Welcome toThe Rothschild Archive'swebsite

Sources for business history: catalogues of bank files

Sources for art history: Catalogue of the pictures of Alfred de Rothschild 1901

Sources for yachting history: Plans for Nathaniel von Rothschild's yacht Veglia 1905

Sources for natural history: Walter 2nd Lord Rothschild and his zebra carriage: c.1910

Sources for global financial history: Map of lines of the Brazil Railway Company: c.1920

Sources for business history: index cards to bank files

Sources for social history: Rothschild Hospital Paris: 1920s

Sources for business history: detail of a Rothschild bond coupon

Sources for architectural history: Halton House: 1890s

Sources for the history of travel: Lionel de Rothschild's tours of Spain: 1909

Sources for local history: Tring Park: c.1900

Sources for Royal history: shooting party with Edward Prince of Wales: 1893

Sources for political history: Lionel de Rothschild: first Jewish MP: 1858

Sources for sporting history: St Amant winner of the Derby: 1904

Sources for local history: gardeners at Aston Clinton: 1899

Sources for Rothschild family history: Lionel de Rothschild's yacht Rhodora: 1927

Sources for London history: entrance to New Court: 1965

Sources for design history: plans for Lionel de Rothschild's Rolls-Royce: 1930

Sources for business history: Rothschild gold bars produced by the Royal Mint Refinery: 1930s

Sources for business history: letters of August Belmont Rothschild Agent in New York: 1860s

Art collections: Ferdinand de Rothschild

Ferdinand de Rothschild (18389-1898) lived near his relatives in London, mixing in the same social circles as his brother-in-law, Natty, and counting the Prince of Wales among his friends. Waddesdon, the magnificent property he commissioned in the Vale of Aylesbury, was the scene of splendid entertainment.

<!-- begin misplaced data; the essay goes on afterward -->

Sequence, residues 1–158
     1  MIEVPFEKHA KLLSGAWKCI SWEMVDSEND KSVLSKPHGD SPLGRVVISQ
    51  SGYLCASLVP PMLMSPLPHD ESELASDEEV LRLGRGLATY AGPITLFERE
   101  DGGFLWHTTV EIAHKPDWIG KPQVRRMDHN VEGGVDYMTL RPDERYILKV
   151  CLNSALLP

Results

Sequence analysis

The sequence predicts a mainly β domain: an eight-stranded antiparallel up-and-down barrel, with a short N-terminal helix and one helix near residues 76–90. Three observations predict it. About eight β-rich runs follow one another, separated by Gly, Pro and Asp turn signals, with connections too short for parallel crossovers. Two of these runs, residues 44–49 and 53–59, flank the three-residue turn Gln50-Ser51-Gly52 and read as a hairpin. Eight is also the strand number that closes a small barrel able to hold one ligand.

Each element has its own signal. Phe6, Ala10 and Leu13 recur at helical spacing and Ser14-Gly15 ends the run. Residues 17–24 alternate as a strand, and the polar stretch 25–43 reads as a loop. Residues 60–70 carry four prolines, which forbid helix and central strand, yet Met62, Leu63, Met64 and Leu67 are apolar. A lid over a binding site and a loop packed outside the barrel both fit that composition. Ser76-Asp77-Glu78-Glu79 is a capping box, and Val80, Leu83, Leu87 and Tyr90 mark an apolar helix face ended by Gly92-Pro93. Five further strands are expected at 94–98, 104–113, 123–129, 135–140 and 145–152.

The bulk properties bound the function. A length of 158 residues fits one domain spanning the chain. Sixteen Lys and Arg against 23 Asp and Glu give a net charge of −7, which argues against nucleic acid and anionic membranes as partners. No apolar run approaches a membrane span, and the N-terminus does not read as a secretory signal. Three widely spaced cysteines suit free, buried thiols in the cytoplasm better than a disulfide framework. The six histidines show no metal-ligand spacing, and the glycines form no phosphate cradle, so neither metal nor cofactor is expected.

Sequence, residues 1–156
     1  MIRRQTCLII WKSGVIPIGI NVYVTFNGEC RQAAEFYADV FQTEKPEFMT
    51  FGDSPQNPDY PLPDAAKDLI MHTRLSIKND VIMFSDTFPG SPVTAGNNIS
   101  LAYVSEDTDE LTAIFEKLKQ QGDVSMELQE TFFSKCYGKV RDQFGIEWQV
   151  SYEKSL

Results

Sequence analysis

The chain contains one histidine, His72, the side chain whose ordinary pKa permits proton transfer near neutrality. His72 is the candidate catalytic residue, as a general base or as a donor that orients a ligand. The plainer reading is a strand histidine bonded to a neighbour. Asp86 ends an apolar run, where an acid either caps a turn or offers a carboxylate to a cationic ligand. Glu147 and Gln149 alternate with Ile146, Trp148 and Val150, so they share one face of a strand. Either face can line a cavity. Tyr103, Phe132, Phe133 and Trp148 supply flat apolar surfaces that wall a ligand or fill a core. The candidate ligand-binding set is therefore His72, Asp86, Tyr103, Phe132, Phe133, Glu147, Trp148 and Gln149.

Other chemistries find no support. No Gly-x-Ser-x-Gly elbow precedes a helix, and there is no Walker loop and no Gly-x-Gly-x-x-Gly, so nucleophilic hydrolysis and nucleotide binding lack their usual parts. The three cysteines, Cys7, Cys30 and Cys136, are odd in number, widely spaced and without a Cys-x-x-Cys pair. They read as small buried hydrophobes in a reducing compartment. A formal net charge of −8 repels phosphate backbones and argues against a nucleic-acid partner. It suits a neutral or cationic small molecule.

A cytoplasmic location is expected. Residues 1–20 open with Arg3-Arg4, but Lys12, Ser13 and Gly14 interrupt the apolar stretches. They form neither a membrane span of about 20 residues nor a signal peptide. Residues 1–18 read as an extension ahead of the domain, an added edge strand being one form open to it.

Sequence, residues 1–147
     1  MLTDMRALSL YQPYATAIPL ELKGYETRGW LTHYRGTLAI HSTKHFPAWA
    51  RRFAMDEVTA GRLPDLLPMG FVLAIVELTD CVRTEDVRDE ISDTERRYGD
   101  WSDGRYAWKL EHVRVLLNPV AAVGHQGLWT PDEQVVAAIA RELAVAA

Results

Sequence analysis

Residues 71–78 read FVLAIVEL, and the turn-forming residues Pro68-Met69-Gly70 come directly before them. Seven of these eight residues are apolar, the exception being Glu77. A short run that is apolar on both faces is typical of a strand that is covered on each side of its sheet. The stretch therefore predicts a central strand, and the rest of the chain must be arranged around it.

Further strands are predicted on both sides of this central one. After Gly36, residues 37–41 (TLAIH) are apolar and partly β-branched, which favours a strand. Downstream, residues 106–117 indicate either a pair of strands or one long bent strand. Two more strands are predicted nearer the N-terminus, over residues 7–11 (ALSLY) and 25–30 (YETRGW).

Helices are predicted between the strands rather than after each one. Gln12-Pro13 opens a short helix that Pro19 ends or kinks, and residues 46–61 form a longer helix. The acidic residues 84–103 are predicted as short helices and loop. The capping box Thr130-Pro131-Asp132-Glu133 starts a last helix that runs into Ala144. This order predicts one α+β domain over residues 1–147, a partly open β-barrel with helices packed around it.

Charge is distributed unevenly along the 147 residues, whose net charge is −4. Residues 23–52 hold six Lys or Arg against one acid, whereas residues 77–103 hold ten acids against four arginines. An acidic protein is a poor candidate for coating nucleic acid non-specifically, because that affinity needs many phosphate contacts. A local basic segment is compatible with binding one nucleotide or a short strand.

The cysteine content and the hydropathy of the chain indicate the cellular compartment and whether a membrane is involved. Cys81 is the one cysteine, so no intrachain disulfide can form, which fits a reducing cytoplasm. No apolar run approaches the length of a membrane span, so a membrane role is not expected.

Beginning his collecting activities as early as 1861, Ferdinand de Rothschild acquired most of his paintings in the 1870s. His father had collected certain 17th-century Dutch paintings, and under the guidance of his mother Charlotte, Ferdinand learnt to distinguish the works of Teniers, Wouverman, Ostade and Both which hung in his father's house.

Ferdinand inherited these paintings and in time added van der Heyden, Gerard ter Borch, Cuyp, de Hooch, and Metsu to the Dutch collection. Two massive views of Venice by Guardi were purchased before the house was finished and influenced the final design of the gallery where they were to hang.

With his keen appreciation of the French arts of the 18th century, it was no surprise that the very first purchases he made were of works by Greuze. However, showing remarkable confidence and innovation, Ferdinand juxtaposed his fine collection of 18th-century English portraits with the French furnishings and objets d'art that filled Waddesdon Manor.

This collection included Gainsborough's Lady Sheffield and The Pink Boy, Reynold's Lady Jane Halliday and several female portraits by Romney, many of which hung in his own sitting room at Waddesdon.

Cartes-de-visite photograph of Baron Ferdinand de Rothschild (1839-1898)

Cartes-de-visite photograph of Baron Ferdinand de Rothschild (1839-1898)

The Red Drawing room at Waddesdon Manor

The Red Drawing room at Waddesdon Manor